A & B Female Entrepreneurs Carve Out a Path to Success in the International Arena

The content originally appeared on: Antigua News Room

Women-owned businesses continue to drive economic growth as many female entrepreneurs start their businesses out of necessity and channel grit and creativity to turn their passions into profits. As part of their focus on Women’s History Month, SamuelFields Consulting Group, a Community e-Learning Partner and business consultancy specializing in financial wellness, spoke to three innovative “fempreneurs” of Antiguan and Barbudan descent, who are making waves on the international scene. The discussion on the digital show Likkle Byte Ideas centered on the challenges that women face in running their businesses, but also identified some competitive advantages that Antiguan and Barbudan women bring to entrepreneurship.

The panelists were:

Keisha Schahaff serial-entrepreneur, transformative wellness coach and Antigua and Barbuda’s first astronaut who made the historic journey to space with her daughter.

Chantal Carter veteran wardrobe stylist, image consultant, and magazine style director. She is the owner of “Love and Nudes” a diverse skin tone undergarments line that celebrates diversity. She was a contestant in the international TV Show “Dragon’s Den.”

Dr. Laurie Samuel award winning criminologist, founder of “Cupid’s Sting”, a women’s safety non-profit. She is an expert in police misconduct and interpersonal violence.

Despite immense publicity and success, these women cited several personal challenges and systemic barriers that women face in their pursuit of entrepreneurship. Lack of start-up funding stood out as one of the biggest hurdles inhibiting women from chasing their dreams.

Chantal Carter shared her experience, having had the opportunity to pitch her business “Love and Nudes” on the television show “Dragon’s Den.” Although she landed a deal, the funding she received was insufficient to sustain the growth of her business. “I assumed that exposure from the show would cause the cash register to explode. You are led to believe if you follow the formula that the red carpet will be rolled out at your feet. I sucked at finance and some of the challenges I had in my personal life, carried into my business life. Getting funding to keep the business going has been tough and I must continuously seek venture capital to ensure the expansion of my business,” she said.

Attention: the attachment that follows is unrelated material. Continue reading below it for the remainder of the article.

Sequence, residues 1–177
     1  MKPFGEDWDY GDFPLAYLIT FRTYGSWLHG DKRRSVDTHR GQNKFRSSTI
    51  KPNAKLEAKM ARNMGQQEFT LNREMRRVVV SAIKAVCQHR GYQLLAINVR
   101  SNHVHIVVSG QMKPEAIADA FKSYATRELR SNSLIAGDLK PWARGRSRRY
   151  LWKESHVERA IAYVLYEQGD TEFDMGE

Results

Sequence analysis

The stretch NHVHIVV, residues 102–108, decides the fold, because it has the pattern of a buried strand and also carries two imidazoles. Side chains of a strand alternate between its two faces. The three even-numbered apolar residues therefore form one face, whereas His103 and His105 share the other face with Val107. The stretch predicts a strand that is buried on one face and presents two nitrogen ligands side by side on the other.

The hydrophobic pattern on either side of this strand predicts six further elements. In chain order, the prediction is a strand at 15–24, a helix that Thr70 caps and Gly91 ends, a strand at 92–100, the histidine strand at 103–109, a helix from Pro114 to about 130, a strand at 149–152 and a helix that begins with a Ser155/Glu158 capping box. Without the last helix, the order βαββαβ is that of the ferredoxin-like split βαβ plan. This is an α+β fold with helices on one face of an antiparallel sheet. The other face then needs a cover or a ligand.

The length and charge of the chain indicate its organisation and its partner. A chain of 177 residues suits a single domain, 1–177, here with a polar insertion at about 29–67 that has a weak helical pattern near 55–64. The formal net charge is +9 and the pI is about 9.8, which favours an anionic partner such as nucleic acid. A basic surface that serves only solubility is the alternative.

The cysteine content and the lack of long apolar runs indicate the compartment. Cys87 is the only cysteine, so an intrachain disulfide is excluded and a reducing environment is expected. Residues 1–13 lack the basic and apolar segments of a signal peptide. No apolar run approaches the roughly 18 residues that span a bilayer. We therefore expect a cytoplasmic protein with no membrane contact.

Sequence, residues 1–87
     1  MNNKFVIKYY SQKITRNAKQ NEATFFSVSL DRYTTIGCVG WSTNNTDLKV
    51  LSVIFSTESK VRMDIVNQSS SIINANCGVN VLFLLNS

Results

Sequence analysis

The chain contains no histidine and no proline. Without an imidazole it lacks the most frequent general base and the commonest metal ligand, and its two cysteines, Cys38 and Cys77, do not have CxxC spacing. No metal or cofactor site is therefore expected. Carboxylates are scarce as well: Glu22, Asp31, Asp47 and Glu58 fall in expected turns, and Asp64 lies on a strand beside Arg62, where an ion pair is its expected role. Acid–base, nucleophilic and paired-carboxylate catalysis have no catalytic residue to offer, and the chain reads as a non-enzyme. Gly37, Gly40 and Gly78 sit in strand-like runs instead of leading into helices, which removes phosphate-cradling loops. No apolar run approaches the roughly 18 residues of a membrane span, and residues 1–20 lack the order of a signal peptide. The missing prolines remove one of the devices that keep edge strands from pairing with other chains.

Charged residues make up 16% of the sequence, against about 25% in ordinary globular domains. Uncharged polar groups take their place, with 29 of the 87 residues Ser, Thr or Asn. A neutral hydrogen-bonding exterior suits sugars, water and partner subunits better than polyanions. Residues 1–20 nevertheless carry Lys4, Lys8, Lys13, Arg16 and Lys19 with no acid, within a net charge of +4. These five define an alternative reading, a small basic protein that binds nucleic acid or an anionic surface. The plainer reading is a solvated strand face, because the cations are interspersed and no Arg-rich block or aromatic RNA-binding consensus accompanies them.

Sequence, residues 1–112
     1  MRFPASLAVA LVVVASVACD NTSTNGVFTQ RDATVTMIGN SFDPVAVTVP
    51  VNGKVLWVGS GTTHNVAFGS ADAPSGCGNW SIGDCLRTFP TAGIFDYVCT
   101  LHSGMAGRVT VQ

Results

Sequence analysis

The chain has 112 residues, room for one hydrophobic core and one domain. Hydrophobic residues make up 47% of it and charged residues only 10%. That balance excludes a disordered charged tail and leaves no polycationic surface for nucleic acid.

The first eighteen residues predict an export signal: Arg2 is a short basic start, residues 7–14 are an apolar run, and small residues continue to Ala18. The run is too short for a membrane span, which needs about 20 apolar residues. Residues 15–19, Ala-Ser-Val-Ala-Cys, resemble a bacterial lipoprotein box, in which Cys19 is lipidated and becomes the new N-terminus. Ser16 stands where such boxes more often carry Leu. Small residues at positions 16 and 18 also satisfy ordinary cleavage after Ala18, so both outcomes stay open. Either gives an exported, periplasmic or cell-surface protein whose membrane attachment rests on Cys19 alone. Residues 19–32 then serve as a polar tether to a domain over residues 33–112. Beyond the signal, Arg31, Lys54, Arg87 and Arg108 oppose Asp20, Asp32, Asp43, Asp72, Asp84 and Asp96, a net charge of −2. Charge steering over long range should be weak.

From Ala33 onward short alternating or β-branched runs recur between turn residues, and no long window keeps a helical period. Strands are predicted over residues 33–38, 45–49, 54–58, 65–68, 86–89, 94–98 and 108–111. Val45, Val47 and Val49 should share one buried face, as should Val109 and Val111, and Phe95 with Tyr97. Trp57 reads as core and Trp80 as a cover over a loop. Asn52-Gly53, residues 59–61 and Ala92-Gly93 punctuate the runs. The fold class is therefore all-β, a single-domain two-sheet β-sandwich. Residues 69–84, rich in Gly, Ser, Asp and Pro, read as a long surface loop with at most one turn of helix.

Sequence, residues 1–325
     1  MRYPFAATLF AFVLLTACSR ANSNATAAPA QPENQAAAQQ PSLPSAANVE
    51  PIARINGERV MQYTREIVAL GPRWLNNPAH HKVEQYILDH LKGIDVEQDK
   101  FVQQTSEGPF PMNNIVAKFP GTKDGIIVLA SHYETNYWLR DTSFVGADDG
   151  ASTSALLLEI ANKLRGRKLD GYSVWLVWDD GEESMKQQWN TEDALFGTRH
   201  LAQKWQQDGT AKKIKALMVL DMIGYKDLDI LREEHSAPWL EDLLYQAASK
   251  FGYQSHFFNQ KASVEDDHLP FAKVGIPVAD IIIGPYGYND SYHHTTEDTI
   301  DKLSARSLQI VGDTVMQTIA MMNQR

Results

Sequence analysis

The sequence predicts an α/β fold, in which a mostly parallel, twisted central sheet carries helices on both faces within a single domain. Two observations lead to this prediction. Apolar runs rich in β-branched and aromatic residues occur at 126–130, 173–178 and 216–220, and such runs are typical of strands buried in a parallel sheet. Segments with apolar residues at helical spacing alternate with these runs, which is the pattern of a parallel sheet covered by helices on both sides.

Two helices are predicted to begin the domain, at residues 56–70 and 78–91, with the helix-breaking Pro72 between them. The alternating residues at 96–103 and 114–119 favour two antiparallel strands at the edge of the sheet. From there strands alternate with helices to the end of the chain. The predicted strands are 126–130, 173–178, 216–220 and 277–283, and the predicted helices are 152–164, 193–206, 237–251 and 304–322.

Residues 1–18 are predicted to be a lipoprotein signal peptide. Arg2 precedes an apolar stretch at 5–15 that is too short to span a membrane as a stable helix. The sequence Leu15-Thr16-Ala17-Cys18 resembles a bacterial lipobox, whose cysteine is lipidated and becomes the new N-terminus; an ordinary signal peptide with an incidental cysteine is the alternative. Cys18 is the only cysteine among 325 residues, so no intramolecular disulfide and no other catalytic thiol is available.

Dr. Laurie Samuel faced similar challenges in securing grant funding for her self-defense training programs and she describes how hard she has to work to continuously prove herself, in a male dominated field. “I try to empower women to think big. When I hear no, I know that I’m on the right track. It’s usually because they didn’t think about the idea first, or they don’t fully understand my programs. Plus, if everyone is competing for a $10,000 grant, I have to take a different path to be successful. We must get creative and not limit ourselves. I began training female truck drivers in personal safety. It is dangerous work in an industry that I had not previously considered,” she said.

Another gender bias that was cited is that women often lack the confidence to start a business, in contrast to their male counterparts. While confidence is not necessarily a predictor of business success, it is a big indicator of having the tenacity to become an entrepreneur. The panelists surmised that men tend to have more hubris, encouraging them to start a business, while women have more humility, which discourages them from starting a business.